Open study

is now brainly

With Brainly you can:

  • Get homework help from millions of students and moderators
  • Learn how to solve problems with step-by-step explanations
  • Share your knowledge and earn points by helping other students
  • Learn anywhere, anytime with the Brainly app!

A community for students.

Expand and simplify the first 3 terms of the binomal power: (3y+5)^9 PLEASE HELP!!

Mathematics
I got my questions answered at brainly.com in under 10 minutes. Go to brainly.com now for free help!
At vero eos et accusamus et iusto odio dignissimos ducimus qui blanditiis praesentium voluptatum deleniti atque corrupti quos dolores et quas molestias excepturi sint occaecati cupiditate non provident, similique sunt in culpa qui officia deserunt mollitia animi, id est laborum et dolorum fuga. Et harum quidem rerum facilis est et expedita distinctio. Nam libero tempore, cum soluta nobis est eligendi optio cumque nihil impedit quo minus id quod maxime placeat facere possimus, omnis voluptas assumenda est, omnis dolor repellendus. Itaque earum rerum hic tenetur a sapiente delectus, ut aut reiciendis voluptatibus maiores alias consequatur aut perferendis doloribus asperiores repellat.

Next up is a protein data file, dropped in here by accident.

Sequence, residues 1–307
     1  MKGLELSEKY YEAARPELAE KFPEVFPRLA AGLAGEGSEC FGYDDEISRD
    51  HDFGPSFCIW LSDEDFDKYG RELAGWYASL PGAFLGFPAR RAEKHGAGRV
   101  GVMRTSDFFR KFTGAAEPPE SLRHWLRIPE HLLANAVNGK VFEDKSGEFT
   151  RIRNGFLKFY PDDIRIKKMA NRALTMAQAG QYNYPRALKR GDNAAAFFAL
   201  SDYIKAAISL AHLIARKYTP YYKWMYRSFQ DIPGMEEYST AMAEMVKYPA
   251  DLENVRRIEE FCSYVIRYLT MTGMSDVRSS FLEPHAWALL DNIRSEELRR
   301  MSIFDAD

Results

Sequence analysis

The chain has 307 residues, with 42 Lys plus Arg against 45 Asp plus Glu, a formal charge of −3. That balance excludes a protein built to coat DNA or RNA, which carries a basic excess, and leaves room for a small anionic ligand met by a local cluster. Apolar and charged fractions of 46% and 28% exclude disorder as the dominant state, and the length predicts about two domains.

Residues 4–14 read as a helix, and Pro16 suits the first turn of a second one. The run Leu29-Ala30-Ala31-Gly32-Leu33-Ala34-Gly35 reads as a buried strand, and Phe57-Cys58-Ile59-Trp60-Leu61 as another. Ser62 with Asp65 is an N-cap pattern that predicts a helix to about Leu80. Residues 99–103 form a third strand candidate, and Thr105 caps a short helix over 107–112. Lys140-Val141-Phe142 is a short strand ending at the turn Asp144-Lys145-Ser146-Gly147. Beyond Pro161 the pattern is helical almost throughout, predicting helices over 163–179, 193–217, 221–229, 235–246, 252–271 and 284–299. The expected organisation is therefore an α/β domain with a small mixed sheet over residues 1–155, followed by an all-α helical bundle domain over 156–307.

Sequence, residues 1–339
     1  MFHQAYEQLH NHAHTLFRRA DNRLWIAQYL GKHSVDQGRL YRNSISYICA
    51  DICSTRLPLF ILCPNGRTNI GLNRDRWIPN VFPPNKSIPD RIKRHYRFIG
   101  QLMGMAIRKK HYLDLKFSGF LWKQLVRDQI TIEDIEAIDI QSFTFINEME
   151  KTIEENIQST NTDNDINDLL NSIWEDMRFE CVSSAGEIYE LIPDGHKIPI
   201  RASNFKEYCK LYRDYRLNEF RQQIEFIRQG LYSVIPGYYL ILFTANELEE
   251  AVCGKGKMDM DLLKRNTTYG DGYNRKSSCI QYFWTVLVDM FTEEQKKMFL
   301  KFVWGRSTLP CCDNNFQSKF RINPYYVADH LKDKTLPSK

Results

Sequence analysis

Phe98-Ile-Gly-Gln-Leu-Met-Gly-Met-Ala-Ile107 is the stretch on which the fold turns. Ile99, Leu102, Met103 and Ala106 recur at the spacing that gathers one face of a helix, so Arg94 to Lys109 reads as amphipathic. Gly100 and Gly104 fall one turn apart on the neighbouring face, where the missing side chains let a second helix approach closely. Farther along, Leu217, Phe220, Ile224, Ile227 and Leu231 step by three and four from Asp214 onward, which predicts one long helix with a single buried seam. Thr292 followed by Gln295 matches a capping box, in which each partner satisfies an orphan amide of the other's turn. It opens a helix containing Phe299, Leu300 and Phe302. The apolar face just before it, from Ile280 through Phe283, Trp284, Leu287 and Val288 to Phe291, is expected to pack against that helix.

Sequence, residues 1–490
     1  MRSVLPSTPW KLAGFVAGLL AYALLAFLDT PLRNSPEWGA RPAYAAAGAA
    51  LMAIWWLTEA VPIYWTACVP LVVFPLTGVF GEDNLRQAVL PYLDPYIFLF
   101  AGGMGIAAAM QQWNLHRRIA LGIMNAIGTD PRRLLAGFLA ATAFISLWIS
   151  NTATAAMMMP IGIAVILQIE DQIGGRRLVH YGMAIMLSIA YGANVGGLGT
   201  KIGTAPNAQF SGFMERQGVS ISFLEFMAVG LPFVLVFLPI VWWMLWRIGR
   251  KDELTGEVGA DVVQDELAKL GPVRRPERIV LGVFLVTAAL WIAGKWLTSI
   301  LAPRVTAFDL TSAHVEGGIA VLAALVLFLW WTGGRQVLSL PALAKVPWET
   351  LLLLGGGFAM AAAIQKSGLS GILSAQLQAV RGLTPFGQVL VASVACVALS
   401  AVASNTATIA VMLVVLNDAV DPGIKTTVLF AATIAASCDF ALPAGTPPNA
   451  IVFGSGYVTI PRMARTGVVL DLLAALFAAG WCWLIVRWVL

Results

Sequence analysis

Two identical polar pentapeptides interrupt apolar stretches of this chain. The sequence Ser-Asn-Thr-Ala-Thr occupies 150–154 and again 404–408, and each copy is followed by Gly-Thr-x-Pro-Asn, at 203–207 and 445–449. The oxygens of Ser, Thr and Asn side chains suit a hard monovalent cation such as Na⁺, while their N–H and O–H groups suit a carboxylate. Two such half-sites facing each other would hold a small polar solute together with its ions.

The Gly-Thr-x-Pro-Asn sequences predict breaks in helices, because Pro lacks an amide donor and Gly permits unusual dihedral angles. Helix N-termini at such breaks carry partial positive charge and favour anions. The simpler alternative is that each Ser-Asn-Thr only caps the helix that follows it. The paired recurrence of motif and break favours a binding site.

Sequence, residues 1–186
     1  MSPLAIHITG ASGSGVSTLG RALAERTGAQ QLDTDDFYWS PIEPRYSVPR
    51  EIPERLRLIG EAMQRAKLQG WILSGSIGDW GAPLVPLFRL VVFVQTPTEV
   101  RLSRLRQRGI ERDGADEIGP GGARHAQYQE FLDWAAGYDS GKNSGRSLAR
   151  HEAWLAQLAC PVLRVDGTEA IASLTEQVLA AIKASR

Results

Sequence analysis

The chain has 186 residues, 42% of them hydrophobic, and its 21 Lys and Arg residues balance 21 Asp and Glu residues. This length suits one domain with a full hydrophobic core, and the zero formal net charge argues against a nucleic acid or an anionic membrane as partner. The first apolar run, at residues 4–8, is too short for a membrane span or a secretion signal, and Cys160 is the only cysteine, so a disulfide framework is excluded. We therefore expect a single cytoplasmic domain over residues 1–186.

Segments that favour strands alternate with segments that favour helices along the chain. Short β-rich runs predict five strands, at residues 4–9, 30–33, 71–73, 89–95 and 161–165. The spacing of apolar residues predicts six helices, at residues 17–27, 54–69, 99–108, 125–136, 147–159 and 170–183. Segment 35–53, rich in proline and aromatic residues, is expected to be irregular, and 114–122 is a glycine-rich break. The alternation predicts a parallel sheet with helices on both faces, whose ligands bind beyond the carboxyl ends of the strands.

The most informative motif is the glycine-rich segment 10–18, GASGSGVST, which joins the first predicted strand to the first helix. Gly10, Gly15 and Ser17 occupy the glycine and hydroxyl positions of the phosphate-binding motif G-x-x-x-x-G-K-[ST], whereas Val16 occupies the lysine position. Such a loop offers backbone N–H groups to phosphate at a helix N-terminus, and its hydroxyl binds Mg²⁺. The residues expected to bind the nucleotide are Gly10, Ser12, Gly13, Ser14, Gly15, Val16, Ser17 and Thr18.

Join Brainly to access

this expert answer

SIGN UP FOR FREE
Do you know the binomial theorem? It lets you find the nth term of insane expressions like this. :)
I know usually how to solve using the pascal's triangle, but I don't know how to do it for just the first 3 terms
http://regentsprep.org/Regents/math/algtrig/ATP4/bintheorem.htm might be useful.

Not the answer you are looking for?

Search for more explanations.

Ask your own question

Other answers:

Check out the examples. Then substitute your numbers in and see what happens. NOTE -- you will get BIG NUMBERS.
Okay, that was useful, but we're not supposed to be using the formula for this question. Do you know if there's any way to solve it just using pascal's triangle?
You'd have to expand out to the 9th row! Have fun with that! Fortunately you can do it in excel. :) http://jwilson.coe.uga.edu/EMAT6680/Parsons/MVP6690/Essay1/excel.html
use the binomial coefficients \[{n\choose r}=\frac{n!}{r!(n-r)!}\]

Not the answer you are looking for?

Search for more explanations.

Ask your own question